The Singing Defective

Washington City Paper | October 14, 2005
Domino Harvey took a less shiny but no more realistic approach to unruly men. At least that’s the case in Domino, Hollywood’s sorta-true version of Harvey’s model-turned-bounty-hunter story. For example, when a couple of grifters take off with her and a classroom full of other toughs’ money instead of delivering a bounty-hunting-for-dummies lecture, the wispy Domino flies out a window, hurls a knife into their windshield, and shrieks, “Where the fuck do you think you’re going? There are people in there expecting a seminar!”

It’s a line that not even Uma Thurman could pull off. But attempted by ingénue Keira Knightley, it’s downright laughable. Luckily for Knightley, though, it’s the only moment that her casting as Domino feels very, very wrong. Under heavy makeup and studded punk-whore wear, she’s as good a stand-in as any young, pretty actress—because between Tony Scott’s infuriating direction and Donnie Darko auteur Richard Kelly’s script (with a story credit going to Steve Barancik, who penned an earlier draft), the movie is less a look at the life of the real Domino Harvey than it is an excuse to deliver another taxingly edgy, needlessly complicated variation on the crooks-and-guns theme.

Domino gets the most interesting part of the story—why Harvey, the recently deceased daughter of actor Laurence Harvey, turned her back on a career as a Ford model to catch criminals—over with quickly. Sure, she’s shown playing with nunchucks as a sullen teenager, then punching her way out of a sorority as a sullen co-ed. And her dad died when she was young, along with her goldfish, so she learned to be cold. But the closest thing we get to a reason for Harvey’s transformation is a shot of a catwalk with the words “I am bored” appearing next to a model. Then the bloody rampages begin.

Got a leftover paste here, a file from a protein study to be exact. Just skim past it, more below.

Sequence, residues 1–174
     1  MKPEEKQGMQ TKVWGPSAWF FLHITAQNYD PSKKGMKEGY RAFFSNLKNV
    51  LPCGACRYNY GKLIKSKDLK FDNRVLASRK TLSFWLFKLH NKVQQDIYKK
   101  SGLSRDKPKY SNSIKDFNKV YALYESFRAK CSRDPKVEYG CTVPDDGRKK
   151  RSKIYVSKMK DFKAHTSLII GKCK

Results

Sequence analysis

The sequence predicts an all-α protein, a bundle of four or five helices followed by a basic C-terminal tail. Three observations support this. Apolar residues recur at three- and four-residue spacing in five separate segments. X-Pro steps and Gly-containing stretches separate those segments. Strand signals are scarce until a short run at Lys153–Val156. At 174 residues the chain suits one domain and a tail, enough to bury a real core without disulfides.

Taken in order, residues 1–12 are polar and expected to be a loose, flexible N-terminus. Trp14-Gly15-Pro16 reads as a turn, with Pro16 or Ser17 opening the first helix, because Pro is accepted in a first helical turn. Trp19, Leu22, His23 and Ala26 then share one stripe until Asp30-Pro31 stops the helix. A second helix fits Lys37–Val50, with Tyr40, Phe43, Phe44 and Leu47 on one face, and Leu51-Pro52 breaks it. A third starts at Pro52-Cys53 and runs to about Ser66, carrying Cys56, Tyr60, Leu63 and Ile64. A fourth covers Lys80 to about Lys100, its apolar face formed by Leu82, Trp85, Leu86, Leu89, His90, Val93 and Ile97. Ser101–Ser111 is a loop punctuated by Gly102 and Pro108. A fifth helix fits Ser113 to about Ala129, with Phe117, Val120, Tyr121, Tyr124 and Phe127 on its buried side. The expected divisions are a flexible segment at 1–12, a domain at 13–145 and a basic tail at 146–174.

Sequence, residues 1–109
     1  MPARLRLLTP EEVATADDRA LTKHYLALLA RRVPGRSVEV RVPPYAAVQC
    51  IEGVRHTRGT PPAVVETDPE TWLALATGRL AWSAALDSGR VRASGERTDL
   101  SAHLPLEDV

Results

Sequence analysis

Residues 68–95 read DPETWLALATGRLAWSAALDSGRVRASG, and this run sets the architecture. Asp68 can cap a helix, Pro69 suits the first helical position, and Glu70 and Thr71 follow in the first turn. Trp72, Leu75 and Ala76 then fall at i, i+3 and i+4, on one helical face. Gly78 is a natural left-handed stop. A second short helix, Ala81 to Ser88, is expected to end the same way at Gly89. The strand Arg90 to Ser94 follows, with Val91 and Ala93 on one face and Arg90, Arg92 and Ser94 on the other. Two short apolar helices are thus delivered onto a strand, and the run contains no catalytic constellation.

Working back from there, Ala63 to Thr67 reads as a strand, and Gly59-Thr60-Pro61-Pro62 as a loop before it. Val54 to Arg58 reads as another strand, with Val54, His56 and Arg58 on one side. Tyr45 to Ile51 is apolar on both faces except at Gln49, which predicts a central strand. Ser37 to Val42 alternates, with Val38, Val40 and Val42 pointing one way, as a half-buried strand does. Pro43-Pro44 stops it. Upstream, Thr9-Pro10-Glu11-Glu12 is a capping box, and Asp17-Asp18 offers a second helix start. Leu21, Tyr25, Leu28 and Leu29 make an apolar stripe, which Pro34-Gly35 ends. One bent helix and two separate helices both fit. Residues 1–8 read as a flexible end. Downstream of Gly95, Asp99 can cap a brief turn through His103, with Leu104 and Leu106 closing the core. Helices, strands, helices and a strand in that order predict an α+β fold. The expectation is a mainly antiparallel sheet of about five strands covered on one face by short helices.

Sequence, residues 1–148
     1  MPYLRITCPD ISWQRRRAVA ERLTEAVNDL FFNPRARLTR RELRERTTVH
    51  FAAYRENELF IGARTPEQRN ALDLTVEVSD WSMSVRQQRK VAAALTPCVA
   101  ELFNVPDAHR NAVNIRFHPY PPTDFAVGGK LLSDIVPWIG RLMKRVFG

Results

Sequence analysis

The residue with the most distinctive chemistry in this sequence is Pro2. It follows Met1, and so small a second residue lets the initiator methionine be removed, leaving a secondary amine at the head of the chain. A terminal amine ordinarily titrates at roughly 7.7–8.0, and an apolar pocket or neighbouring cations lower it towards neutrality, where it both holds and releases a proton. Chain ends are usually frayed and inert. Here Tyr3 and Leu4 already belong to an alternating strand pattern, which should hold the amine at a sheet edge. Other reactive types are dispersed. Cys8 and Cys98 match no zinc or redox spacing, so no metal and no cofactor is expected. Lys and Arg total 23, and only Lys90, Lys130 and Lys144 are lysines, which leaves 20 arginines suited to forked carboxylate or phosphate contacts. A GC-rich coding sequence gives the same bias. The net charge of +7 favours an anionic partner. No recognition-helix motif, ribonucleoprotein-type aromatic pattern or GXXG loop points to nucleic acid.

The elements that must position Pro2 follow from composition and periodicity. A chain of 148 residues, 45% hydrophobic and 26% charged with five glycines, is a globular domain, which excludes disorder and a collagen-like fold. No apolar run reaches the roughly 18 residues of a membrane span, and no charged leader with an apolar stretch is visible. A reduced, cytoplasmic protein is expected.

It’s not the only time Scott, whose last effort was 2004’s Man on Fire, throws words onto the screen, and each time is more random than the last. Mostly, they’re bits of dialogue spelled out as the line is being said, though for variety, sometimes they’re an echo instead. Knightley provides a voice-over that’s occasionally fuzzed out to sound as if she’s, well, phoning it in. And as if all of these puzzling touches weren’t enough, Scott went the extra mile to ensure his movie was unwatchable: Between the constantly moving camera, dizzying in-and-out zooms, and bizarre flashes that accompany both ultraviolent busts and scenes from Harvey’s childhood, Domino is such a mess visually that it almost doesn’t matter whether the script is any good.

For the record, it’s not. Once Domino earns the respect of partners-in-thuggery Ed (Mickey Rourke) and Choco (Edgar Ramirez) after that knife-throwing incident, she joins them on their assignments, leading to a project in which lots of money, some “sassy black women,” and a few mobsters’ sons are involved. The success of the team and the novelty of a gun-toting Barbie gets it a reality show. Worst of all, in the last chapter of this seemingly endless two hours, romance absurdly blooms. If only your head didn’t hurt so much, you’d laugh.CP

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